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Shounak Ghosh

Shounak Ghosh is a final-year doctoral candidate in early modern global history focusing on the Islamic world east of the Levant. His research examines shifting forms of diplomatic practice among the courts of the Mughal and Safavid empires, and the Deccan sultanates in peninsular southern India that communicated in Persian. His dissertation inquires into the processes of diplomatic mediation such as ambassadorial performance, epistolary arts, material cultures, and courtly etiquettes through a critical analysis of diplomatic correspondence in this transregional geography. He commands expertise in working with Persian manuscripts’ collections across genres, especially epistolary compositions (inshā’) scattered across archives in India and the UK. His advisor is Professor Samira Sheikh.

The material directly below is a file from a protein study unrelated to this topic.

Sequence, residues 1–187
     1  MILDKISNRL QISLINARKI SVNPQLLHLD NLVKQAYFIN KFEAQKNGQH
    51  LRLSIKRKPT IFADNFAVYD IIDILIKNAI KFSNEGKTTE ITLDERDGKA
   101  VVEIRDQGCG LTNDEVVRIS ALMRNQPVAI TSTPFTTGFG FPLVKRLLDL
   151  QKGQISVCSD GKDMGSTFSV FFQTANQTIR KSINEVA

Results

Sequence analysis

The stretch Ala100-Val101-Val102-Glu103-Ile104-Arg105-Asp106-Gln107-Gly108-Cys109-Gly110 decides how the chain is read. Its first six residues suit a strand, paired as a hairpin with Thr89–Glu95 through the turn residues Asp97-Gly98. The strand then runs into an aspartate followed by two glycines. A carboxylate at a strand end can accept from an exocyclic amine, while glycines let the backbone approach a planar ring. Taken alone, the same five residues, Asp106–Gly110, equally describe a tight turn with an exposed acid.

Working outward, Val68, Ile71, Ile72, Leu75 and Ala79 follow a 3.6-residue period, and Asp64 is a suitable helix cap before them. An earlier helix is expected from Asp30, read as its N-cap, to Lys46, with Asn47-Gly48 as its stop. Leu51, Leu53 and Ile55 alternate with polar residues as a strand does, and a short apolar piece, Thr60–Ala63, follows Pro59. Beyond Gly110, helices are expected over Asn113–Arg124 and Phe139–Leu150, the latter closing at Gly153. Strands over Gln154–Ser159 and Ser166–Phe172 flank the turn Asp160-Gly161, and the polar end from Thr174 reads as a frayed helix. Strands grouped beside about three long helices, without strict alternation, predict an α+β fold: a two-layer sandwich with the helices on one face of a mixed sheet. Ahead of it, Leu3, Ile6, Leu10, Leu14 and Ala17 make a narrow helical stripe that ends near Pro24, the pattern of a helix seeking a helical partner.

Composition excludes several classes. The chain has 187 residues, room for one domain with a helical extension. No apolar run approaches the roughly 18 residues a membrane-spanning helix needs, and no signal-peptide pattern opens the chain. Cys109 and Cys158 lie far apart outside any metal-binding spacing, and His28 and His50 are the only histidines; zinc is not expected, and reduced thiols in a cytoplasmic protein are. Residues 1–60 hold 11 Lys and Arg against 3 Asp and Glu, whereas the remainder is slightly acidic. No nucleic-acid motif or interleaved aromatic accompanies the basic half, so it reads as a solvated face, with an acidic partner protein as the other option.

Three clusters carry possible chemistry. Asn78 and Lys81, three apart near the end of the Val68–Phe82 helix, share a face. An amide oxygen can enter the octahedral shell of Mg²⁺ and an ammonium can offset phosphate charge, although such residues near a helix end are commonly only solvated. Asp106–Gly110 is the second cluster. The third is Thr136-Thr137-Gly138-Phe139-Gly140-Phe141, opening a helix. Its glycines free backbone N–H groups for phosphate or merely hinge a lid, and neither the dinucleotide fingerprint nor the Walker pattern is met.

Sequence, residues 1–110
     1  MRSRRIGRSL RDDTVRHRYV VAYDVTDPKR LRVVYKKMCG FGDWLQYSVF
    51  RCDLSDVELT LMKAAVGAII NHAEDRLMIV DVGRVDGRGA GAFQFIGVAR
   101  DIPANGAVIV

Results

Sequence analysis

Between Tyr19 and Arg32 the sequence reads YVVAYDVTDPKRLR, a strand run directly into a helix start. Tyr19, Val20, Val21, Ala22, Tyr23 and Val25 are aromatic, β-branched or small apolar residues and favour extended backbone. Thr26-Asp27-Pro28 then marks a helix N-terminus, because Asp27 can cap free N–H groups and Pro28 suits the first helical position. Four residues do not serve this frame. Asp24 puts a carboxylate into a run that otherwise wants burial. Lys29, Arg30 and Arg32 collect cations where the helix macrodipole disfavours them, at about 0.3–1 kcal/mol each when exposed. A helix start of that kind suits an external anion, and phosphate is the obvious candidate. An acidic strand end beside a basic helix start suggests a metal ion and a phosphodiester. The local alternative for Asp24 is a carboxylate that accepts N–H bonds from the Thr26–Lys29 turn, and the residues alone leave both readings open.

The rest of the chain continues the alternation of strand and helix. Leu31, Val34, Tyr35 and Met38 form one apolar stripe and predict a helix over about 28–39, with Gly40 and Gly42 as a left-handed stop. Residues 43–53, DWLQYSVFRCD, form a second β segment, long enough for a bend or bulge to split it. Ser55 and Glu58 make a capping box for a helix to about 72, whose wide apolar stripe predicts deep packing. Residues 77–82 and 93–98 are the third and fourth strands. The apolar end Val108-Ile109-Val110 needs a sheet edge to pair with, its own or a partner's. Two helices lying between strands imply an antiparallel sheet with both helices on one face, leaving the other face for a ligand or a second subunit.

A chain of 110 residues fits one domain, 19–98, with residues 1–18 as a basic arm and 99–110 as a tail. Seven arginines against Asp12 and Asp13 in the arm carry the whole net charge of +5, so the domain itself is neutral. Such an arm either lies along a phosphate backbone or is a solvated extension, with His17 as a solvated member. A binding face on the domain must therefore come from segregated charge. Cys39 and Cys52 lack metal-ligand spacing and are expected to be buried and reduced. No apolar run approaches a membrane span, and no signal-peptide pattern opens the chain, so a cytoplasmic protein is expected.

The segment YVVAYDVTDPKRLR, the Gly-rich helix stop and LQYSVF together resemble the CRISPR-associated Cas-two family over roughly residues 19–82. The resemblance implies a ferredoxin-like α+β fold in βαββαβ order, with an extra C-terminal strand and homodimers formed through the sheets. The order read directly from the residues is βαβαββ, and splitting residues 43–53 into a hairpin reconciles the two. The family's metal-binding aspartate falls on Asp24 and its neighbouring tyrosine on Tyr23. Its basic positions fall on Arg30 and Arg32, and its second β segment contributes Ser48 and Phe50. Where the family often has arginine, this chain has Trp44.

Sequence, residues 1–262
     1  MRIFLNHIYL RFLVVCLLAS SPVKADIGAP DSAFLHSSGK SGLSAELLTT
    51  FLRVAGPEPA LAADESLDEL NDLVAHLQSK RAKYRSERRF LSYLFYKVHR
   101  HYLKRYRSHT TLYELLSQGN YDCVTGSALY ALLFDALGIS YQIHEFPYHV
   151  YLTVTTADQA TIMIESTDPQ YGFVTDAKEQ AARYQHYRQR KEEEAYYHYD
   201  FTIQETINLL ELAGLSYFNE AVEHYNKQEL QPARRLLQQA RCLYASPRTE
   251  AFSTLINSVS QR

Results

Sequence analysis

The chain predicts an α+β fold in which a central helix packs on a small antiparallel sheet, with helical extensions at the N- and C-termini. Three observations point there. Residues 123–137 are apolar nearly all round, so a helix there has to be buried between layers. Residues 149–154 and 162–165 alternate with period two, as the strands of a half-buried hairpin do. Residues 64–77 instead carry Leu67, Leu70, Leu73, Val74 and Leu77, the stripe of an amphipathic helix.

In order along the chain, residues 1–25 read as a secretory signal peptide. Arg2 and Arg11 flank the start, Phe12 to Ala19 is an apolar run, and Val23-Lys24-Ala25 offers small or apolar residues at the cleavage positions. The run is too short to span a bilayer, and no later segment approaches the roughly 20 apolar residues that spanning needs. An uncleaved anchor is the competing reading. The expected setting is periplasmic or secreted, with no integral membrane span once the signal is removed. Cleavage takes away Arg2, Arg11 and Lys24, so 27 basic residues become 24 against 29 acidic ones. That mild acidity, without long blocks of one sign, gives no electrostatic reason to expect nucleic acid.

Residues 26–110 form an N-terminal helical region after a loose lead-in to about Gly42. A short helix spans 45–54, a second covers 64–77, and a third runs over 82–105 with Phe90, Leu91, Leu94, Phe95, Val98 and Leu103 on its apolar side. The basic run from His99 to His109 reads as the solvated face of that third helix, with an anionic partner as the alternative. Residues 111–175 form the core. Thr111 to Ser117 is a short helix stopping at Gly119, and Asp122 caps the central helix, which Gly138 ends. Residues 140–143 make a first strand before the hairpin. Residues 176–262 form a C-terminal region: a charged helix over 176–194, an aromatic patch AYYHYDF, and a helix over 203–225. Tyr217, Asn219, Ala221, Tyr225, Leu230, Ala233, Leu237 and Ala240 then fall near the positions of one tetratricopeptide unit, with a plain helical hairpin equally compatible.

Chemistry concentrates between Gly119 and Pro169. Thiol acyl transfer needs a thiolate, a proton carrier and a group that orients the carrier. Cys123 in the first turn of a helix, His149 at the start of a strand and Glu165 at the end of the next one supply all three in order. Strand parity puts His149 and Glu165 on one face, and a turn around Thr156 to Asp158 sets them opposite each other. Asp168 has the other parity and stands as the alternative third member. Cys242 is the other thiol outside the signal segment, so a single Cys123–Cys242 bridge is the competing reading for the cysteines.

Shounak holds a B.A. Hons. in History from Presidency College, Kolkata, and M.A. and M.Phil. from the Centre for Historical Studies, Jawaharlal Nehru University, New Delhi. His M.Phil. thesis, “Negotiating Rivalries: Trade, Territoriality and Diplomacy in Sixteenth-Century Coastal Gujarat and Western Deccan”, argued that the mercantile aspirations of the Portuguese Estado da India in the sixteenth-century western Indian Ocean were expressed and realized through diplomatic negotiations with Islamicate courts of South Asia that shared a geographical boundary with the coast and had vested interests in the maritime space. Prior to joining Vanderbilt, Shounak served as an editorial assistant for Studies in History, a leading peer-reviewed journal in South Asian studies, published bi-annually from CHS, JNU by SAGE publications.